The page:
Originally published December 3 2014
Biotech smugglers, frustrated with safety regulations, contaminate India's agriculture with GMOs
by L.J. Devon, Staff Writer
(NaturalNews) The rush is on to efficiently feed growing populations around the world, and agriculture is currently undergoing drastic changes and shifts across the globe. For some, agricultural production is already collapsing, as crops continuously fail to ward off diseases and keep pests at bay. As the struggle ensues, farmers have resorted to mass application pesticides, but years of pesticide use has exacerbated the problem, as the pests relentlessly evolve to destroy the crops regardless of the chemicals. The reactionary response by farmers today is to spray the crops with more chemicals, but this practice only suppresses the crops natural immune system capability, depleting soil microbes and nutrition levels the plants depend on. Over time the plants become sicker - unable to ward off pests using their inherent pest control mechanisms.
Quick fix GMO agriculture doesn't address underlying problemsScientists have tried to address the problem, genetically modifying seeds with genes from outside sources, like bacteria. These germ genes are inserted into crop DNA to give the plant new powers. For the Bt brinjal seed, scientists are empowering the plant to produce its own internal insecticide. The Bt gene, taken from the germ, Bacillus thuringiensis, provides the plant with over a hundred toxic proteins that enable the plant to ward off pests unnaturally from the inside out. The lab work splice is often quickly approved, patented as the next seed science, but is rarely studied for ecological and long term human health safety.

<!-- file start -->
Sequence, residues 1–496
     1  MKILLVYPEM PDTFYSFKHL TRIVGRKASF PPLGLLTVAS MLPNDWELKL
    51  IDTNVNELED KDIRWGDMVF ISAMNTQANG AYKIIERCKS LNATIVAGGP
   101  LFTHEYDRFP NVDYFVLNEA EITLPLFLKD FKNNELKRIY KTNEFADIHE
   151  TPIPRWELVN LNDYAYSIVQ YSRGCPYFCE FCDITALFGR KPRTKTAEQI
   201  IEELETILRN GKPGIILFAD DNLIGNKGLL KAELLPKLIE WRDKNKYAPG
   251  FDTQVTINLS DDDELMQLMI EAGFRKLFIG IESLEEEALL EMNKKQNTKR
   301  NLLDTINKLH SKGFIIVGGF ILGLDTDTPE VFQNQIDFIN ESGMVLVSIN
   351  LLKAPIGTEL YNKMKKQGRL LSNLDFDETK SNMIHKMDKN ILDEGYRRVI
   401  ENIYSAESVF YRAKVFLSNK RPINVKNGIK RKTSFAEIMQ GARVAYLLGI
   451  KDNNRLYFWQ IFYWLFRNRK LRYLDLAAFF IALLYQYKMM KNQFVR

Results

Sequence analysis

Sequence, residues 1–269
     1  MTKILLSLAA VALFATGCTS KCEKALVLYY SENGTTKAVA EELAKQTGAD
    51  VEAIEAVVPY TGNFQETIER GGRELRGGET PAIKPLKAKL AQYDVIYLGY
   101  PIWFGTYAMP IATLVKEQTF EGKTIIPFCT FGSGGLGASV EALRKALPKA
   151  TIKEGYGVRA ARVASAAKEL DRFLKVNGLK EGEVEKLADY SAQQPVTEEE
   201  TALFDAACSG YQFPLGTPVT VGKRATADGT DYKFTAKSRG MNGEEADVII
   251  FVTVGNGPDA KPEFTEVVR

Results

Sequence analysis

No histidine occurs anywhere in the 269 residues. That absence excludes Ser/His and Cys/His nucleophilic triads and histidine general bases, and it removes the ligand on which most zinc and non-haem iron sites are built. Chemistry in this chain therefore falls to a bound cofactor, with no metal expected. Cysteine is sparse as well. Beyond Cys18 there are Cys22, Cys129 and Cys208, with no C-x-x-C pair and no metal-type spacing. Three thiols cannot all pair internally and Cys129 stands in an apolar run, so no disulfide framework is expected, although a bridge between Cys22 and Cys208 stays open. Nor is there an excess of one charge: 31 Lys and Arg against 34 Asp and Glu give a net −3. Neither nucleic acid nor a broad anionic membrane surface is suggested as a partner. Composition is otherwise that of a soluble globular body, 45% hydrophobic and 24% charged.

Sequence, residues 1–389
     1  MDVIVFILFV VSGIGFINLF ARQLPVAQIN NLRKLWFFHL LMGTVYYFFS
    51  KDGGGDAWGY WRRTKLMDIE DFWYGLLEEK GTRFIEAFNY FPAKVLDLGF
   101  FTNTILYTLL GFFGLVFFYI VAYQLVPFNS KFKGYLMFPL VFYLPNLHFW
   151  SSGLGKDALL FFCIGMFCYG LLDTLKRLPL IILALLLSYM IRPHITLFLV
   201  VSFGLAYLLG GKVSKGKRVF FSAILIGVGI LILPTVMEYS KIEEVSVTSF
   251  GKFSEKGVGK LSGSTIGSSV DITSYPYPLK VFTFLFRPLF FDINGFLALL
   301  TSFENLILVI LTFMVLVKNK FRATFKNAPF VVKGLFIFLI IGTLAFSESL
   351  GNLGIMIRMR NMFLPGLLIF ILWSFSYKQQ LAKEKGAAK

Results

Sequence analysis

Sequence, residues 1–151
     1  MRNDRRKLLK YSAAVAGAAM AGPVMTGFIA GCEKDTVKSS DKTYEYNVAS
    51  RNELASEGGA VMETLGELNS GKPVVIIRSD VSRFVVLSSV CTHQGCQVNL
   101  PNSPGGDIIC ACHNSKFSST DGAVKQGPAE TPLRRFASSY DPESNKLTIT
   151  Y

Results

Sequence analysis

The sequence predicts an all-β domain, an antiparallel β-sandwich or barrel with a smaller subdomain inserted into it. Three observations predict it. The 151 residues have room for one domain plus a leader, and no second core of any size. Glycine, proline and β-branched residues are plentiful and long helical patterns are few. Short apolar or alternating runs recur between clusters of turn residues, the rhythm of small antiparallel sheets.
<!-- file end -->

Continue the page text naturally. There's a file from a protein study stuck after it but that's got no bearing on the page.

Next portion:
In 2014, the first variants of Bt brinjal (eggplant) were introduced into Bangladesh to help farmers use less pesticides and increase blemish-free yields. Whether the science appears to be working or not, it's quietly destroying the natural diversity of brinjal seeds in the region. Now Bangladesh farmers are coerced into purchasing seed from one of only four GMO types. The first BT Brinjal variety is called Uttara and it is specifically designed for the Rajshah region of Bangladesh. The second variety, Kajla was set aside for the Barisal region of the country. The third, Nayantara was designated for Rangpur, and the fourth, Iswardi was reserved for the Pabna and Chittagong regions of Bangladesh.
The soil is trampled on and depleted by a monopolistic seed science that disregards plant's individual needsIn one sense, agriculture is collapsing in Bangladesh as seed sovereignty and diversity is lost while corporations rush to genetically perfect nature for this moment in history. Will these shortcut arrangements in plant DNA elicit new health problems in the population? The answer is already showing up in the evidence of poor immune system health in humans today. Instead of fixing soil nutrient deficiencies to allow crops to naturally repel disease and pests; modern day science has instead created a shortcut of genetic modification that disregards individual plant/soil nutrition needs. More blemish-free food might be produced with GMO seeds, but this method will certainly not provide a balanced variety nutrition needed to sustain a healthy population.